Archie Norman, the former Conservative MP for Tunbridge Wells, and the man credited with turning around UK supermarket chain Asda in the 1990s, recently launched a new investment firm with backing from institutional investors.
Norman says that the “small partnership” has substantial capital backing: “Our backers have very deep pockets, with an equity commitment of £500 million a year, equivalent to a fund of about £3 billion.” Norman declined to disclose the firm’s four backers, but media reports have indicated that Lord Rothschild is involved.
Aurigo Management, which currently numbers four including Norman – “we’ll probably add to the team later this year” – will work with, and occasionally compete with, private equity firms to buy UK and European companies. “We have an association with private equity firms, including CVC Capital Partners, and we’ll be working with them, such as with co-investments, and we’ll also participate in debt financing, not just pure equity.”
While Aurigo Management does not have a sector focus, Norman says that market segments of interest include financial services, high-end business services, fast moving consumer goods, retail and possibly even certain technology businesses: “We like strong leadership and strong teams, but we also like management problems and problematic situations where operations have been adversely affected by management such as distressed companies and credit recovery situations. That’s the sort of thing I’ve addressed in the past.”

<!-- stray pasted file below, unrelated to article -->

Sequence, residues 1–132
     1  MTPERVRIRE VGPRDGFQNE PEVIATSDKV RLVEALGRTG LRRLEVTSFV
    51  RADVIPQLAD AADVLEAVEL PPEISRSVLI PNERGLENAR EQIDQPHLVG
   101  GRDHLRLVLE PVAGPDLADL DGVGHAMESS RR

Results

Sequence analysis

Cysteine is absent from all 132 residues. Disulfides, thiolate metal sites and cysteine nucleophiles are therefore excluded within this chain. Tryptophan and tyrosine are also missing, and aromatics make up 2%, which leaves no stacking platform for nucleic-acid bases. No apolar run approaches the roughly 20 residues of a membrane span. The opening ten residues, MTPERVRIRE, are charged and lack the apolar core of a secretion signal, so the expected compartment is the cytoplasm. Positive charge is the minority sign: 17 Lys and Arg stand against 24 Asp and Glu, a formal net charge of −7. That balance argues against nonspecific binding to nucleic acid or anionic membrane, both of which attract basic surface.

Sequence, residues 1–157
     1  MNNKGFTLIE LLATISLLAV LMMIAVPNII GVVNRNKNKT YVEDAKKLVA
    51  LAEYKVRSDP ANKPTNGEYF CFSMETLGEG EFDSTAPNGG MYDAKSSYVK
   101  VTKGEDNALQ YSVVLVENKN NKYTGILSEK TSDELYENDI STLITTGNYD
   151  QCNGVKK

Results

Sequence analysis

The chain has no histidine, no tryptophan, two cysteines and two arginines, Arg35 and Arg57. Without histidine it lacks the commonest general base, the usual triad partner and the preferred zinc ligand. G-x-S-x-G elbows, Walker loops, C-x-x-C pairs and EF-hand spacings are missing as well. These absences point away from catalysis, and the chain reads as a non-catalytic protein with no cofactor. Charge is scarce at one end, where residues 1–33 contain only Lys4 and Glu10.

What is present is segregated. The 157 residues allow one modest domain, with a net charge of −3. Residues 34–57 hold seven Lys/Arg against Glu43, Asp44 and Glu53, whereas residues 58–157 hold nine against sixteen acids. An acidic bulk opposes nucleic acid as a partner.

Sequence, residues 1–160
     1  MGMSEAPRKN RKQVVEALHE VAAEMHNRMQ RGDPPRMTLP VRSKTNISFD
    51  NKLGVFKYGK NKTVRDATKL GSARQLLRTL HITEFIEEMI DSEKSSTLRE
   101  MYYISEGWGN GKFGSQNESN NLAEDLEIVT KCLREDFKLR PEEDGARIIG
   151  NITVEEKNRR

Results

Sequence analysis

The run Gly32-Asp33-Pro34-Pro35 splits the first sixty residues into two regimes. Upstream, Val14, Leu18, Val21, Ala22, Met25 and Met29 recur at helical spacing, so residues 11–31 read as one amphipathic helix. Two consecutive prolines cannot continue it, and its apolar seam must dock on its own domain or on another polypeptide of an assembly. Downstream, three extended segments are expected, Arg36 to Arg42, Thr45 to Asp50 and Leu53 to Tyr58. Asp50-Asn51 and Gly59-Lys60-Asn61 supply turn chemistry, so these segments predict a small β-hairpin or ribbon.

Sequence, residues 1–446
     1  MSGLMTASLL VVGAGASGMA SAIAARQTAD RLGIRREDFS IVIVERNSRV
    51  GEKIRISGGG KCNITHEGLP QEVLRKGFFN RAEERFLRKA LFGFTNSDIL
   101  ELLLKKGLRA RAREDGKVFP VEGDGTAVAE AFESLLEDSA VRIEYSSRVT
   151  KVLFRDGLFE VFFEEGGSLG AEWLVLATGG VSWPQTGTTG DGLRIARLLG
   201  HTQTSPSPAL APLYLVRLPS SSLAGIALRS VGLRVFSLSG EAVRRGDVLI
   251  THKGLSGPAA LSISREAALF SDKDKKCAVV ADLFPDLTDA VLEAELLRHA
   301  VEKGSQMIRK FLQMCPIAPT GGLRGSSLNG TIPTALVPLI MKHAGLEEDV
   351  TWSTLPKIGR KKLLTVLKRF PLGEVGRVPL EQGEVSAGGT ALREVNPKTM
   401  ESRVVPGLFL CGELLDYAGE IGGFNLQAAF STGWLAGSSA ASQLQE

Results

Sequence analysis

In the late 1990s, Norman turned to politics. After the 1997 defeat to Tony Blair’s Labour, former McKinsey colleague and newly-elected Conservative leader William Hague recruited Norman in his shadow cabinet. His tenure lasted eight years, until a new leadership campaign resulted in failure for Michael Portillo, whom Norman was backing.
Norman isn’t the first to make the move from politics to private equity on either side of the Atlantic. In the US, former vice-presidential candidate John Edwards joined Fortress Investment Group as an advisor last October, four months after former Secretary of State Colin Powell took a position at Kleiner Perkins Caufield & Byers as a strategic limited partner.
However, private equity firms such as The Carlyle Group have shifted away from politics recently. Until last year, Carlyle had an enviable crop of former politicians on its advisory board, including George H. W. Bush, former US president, Arthur Levitt, former chairman of the Securities and Exchange Commission, and Norman’s former colleague in the Conservative party, John Major, Prime Minister of the UK from 1990 to 1997. Major, Bush and a number of other politicians are no longer affiliated with Carlyle.
Norman may not have reached the political heights of the likes of George H. W. Bush and John Major, but perhaps his spell in private equity will last longer.